Leon the Professional (a J!-ENT 4K Ultra HD Review)

July 1, 2017 by  

“Leon the Professional” is a Luc Besson masterpiece. It’s one of the most exciting films to come out from Besson with action, emotion and just all-out frenzy that you just can’t stop watching! Jean Reno and a young Natalie Portman are fantastic in this film and it’s a film that I highly recommended on 4K Ultra HD!

Image courtesy of © 1994 Gaumont and Les Films du Dauphin. All Rights Reserved.

TITLE: Leon the Professional


DURATION: 109 Minutes (Theatrical Version)/133 Minutes (Extended Version)

BLU-RAY INFORMATION: 2160p Ultra High Definition (2:39:1 aspect ratio), English Dolby Atmos (Dolby TrueHD 7.1 Compatible), French, Portuguese 5.1 Dolby Digital, SUBTITLES: English, English SDH, French, Portuguese and Spanish

COMPANY: Sony Pictures Home Entertainment

RATED: R (Scenes of Strong Graphic Violence and for Language)

RELEASE DATE: July 11, 2017

Written and Directed by Luc Besson

Executive Producer: Claude Besson

Line Producer: John Garland and Bernard Grenet

Music by Eric Serra

Cinematography by Thierry Arbogast

Edited by Sylvie Landra

Casting by Todd M. Thaler

Production Design by Dan Weil

Art Direction by Gerard Drolon

Set Decoration by Francoise Benoit-Fresco

Costume Design by Magali Guidasci


Jean Reno as Leon

Gary Oldman as Stanfield

Natalie Portman as Mathilda

Danny Aiello as Tony

Peter Appel as Malky

Michael Badalucco as Mathilda’s father

The mysterious Léon (Jean Reno) is New York’s top hitman. When his next-door neighbors are murdered, Léon becomes the unwilling guardian of the family’s sole survivor – 12-year-old Mathilda (Natalie Portman). But Mathilda doesn’t just want protection; she wants revenge. From the electrifying opening to the fatal finale, THE PROFESSIONAL is a nonstop crescendo of action and suspense. After winning a competition to spend a week at the mountain estate of his company’s party hardy CEO, programmer Caleb Smith arrives to discover he has been chosen to take part in a study of artificial intelligence. Sworn to secrecy and cut off from the outside world, Caleb meets his subject, a beguiling and seductive cyborg named Ava (Alicia Vikander) – and is plunged into an A.I. experiment beyond his wildest imaginings in this epic thriller charged with heart-stopping suspense.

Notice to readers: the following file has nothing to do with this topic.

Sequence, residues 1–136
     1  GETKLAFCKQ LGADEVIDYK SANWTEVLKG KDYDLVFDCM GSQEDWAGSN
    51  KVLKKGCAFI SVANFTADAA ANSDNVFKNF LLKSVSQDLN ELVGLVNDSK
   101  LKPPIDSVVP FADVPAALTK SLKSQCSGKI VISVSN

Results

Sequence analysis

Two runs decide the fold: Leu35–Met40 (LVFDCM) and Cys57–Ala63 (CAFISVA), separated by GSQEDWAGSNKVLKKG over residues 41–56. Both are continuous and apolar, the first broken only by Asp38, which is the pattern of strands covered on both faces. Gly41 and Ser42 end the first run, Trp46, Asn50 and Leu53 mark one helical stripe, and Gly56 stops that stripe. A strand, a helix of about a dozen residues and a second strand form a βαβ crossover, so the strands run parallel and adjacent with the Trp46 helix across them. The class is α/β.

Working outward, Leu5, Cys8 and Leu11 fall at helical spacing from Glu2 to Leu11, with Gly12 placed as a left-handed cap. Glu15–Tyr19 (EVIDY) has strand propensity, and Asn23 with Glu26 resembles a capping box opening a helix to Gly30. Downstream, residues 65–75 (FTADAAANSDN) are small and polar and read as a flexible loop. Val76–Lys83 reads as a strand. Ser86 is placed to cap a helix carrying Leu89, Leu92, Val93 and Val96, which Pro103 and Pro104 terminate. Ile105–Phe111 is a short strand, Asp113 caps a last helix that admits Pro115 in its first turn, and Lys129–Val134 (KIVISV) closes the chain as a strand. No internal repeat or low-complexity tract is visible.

Hot after his film “La Femme Nikita”, in 1994 Luc Besson (“The Fifth Element”, “The Messenger: The Story of Joan of Arc”, writer of “The Transporter” films) would go on to work on his film “Leon” (Leon the Professional). The film was written and directed by Besson and featured music by Eric Serra (“The Fifth Element”, “The Messenger: The Story of Joan of Arc”, “GoldenEye”) and cinematography by Thierry Arbogast (“Babylon AD”, “Femme Fatale”, “Kiss of the Dragon”, “The Messanger: The Story of Joan of Arc).

The film would reunite Besson with popular French action star Jean Reno (Mission: Impossible”, “Ronin”, “The Da Vinci Code”, “The Pink Panther”) who he worked on in “Nikita” and “Le grand bleu” and would be the first major film for 12-year-old actress at the time, Natalie Portman (“Star Wars: Episodes I-III”, “V for Vendetta”, “Paris, je ‘taime”). For the most part, the film received mostly positive critic reviews but also some controversy as the film would feature an older man raising a young girl and teaching her how the life of a hitman. Let alone, a 12-year-old who is attracted to an older man.

But the film is primarily about two people who find importance with each other. A hitman and a girl who lost her family and both are trying to survive.

“Leon the Professional” is about professional hitman Leon (Reno) who is known as a “Cleaner”. A man who works for mafia boss Tony (played by Danny Aiello, “Do the Right Thing”, “Lucky Number Slevin”, “Hudson Hawk”) and is skilled at making the kill and getting the target. Outside of being a hitman, Leon lives a calm, solitary life of working out, drinking milk and taking care of a plant (who he calls his best friend).